ANNA MARIA ISLAND -- Despite all three cities on Anna Maria Island proposing to keep their millage rates the same, with property values on the rise, residents will still see an increase in their tax bills.
The city of Anna Maria is proposing to keep its millage rate at 2.05, Holmes Beach at 1.75 and Bradenton Beach at 2.3329 for the upcoming fiscal year that begins on Oct. 1. A mill is $1 per every $1,000 of assessed property value.
The proposed budget for the city of Anna Maria is $3,471,773. Last year's budget was more than $300,000 less at $3,105,148.
Mayor SueLynn spoke about the most important factors that played
into crafting the proposed budget. A first reading of the budget was approved by Anna Maria commissioners on Sept. 10.
"It's always based on the city's needs, whether directed from residents or infrastructure," she said. "There's also the issue that you have to keep up with maintenance. Every year it seems to go up a little more just because there are increases in equipment and repairs."
In the proposed budget, city repair and maintenance costs are estimated at $21,600 and equipment repair and maintenance costs are estimated at $27,000. SueLynn said there's been a particular investment in technology in this particular budget after she attended a Florida League of Cities Conference that heavily discussed "cities being able to meet the challenges that are present today."
"That was a consideration," she said. "Our whole system needed to be upgraded. It's old and it was built like topsy-turvy."
As for the city's millage, the mayor said commissioners decided in the end that it would be in the best interest of the city to maintain it at 2.05.
Bradenton Beach is proposing to keep its millage at 2.3329, increasing its budgeted expenditures to more than $3.038 million. In addition to increasing the budget more than $469,000, it also puts the city at a deficit of more than $247,000.
The balance is budgeted to be offset with monies received from cell-tower proceeds from 2014, an insurance reimbursement for a police vehicle, U.S. Department of Justice equitable-sharing funds for the budgeted police vehicle, and Chappie Park donations.
The biggest reasons for the increase in the city's expenditures has been a rise in the cost of employee benefits, Mayor William Shearon said.
"We've been behind the times," he said.
In addition to a cost-of-living raise, insurance premiums sky-rocketed, adding about $80,000 to this year's budget.
During his first few months in office, changes Shearon made include the hiring of a city treasurer and making the budget commission consist of all the city commissioners.
"That was one of the main reasons I ran for mayor," Shearon said.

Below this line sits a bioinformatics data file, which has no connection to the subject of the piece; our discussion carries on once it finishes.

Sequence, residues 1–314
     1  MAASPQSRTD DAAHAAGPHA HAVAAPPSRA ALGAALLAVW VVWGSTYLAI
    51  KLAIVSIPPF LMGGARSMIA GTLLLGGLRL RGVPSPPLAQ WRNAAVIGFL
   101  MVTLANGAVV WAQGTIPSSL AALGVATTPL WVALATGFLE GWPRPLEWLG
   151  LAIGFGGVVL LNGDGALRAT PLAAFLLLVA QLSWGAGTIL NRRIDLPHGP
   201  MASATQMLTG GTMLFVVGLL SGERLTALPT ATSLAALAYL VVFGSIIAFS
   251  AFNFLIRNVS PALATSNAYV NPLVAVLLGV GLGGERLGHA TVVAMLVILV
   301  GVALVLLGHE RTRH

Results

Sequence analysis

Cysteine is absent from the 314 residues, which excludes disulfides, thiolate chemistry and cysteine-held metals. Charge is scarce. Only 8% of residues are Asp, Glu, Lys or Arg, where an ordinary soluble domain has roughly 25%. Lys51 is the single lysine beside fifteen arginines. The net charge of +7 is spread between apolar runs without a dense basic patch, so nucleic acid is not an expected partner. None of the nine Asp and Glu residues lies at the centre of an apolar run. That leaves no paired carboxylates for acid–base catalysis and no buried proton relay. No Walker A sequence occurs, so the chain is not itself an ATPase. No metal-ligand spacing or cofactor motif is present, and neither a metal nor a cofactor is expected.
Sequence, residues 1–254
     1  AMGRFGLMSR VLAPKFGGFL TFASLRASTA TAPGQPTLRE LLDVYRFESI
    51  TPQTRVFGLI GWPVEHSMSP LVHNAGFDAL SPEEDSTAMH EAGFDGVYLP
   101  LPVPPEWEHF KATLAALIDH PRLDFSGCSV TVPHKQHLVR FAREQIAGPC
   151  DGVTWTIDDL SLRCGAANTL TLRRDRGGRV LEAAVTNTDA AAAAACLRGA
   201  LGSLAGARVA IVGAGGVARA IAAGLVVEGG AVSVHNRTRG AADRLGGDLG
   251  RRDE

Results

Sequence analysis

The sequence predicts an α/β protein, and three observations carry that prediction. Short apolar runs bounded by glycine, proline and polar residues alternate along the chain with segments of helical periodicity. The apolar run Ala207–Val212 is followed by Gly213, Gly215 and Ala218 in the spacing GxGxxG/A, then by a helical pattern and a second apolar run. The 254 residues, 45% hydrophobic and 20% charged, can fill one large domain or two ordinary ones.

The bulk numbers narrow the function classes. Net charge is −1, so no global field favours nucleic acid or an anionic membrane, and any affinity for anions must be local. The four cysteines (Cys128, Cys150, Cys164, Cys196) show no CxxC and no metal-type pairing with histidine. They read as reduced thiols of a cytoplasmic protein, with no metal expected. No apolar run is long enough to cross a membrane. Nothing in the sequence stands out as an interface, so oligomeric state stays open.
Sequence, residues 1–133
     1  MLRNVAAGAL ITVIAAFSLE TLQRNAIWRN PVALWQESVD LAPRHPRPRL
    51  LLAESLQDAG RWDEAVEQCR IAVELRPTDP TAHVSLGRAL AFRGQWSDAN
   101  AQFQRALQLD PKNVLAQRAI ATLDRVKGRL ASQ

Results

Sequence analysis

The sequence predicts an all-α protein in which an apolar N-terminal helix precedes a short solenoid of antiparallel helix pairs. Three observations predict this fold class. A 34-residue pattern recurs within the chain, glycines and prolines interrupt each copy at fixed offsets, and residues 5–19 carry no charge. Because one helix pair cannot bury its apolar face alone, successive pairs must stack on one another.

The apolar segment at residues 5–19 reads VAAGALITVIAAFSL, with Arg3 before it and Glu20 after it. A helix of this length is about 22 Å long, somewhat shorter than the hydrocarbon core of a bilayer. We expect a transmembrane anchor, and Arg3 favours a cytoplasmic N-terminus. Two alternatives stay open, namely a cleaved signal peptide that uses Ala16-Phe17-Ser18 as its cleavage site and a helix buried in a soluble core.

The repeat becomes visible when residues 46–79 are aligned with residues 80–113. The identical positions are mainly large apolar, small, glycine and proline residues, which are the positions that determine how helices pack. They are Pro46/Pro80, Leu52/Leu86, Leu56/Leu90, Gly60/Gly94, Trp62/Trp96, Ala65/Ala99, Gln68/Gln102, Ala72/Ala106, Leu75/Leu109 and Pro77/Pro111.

Since the commission votes to approve the budget, he said he felt it was important to get them involved in the process early on.
"We are all trying to do the best we can, and expenses keep going up," Shearon said. "Because the economy is picking up our expenses are increasing, but increased revenues are behind."
The city has seen an increase in visitors, but it does not receive compensation for that, he added, making employees all the more important.
"That's our greatest asset because that's what provides our services to our citizens and visitors," Shearon said.
Holmes Beach approved a $9.777 million budget at its first budget hearing on Sept. 10. The new plan reflects an increase of more than $700,000 in revenue and expenditures. Mayor Carmel Monti said that, although city officials considered lowering the rate, they decided the savings would be so small for residents that it would be better to increase services and improve the island's atmosphere.
"I feel we are being very fiscally responsible keeping the millage where it is," Monti said. Among the additions to the budget are the addition of one police officer to the city as well as additional shift managers in order to provide more-complete coverage around the clock, he said.
For the first time in 15 years, Holmes Beach also will be receiving about $25,000 from the Manatee County School District to assist in paying the school resource officer stationed at Anna Maria Elementary.
"We have never received any money from the district, so that is going to be a good offset," Monti said.
The changes will increase the police department budget about $110,000, to total more than $2.4 million.
The Stormwater Utility Fund also saw an increase of more than $234,000 in expenditures in the proposed budget, for a total of $901,700.
With the city in a floodplain, storm-water drainage is something the city has always battled, he said.
"We have gone section by section in the city to come up with a plan," Monti said. "We have never really had a drainage plan, like we have a paving plan."
All three cities will vote to approve their 2014-2015 proposed budgets during final hearings in the respective cities at 6 p.m. Sept. 24.
Amaris Castillo, Herald law enforcement/island reporter, can be reached at 941-745-7051. Follow her on Twitter @AmarisCastillo.
Jessica De Leon, Herald law enforcement reporter, can be reached at 941-745-7049. Follow her Twitter @JDeLeon1012.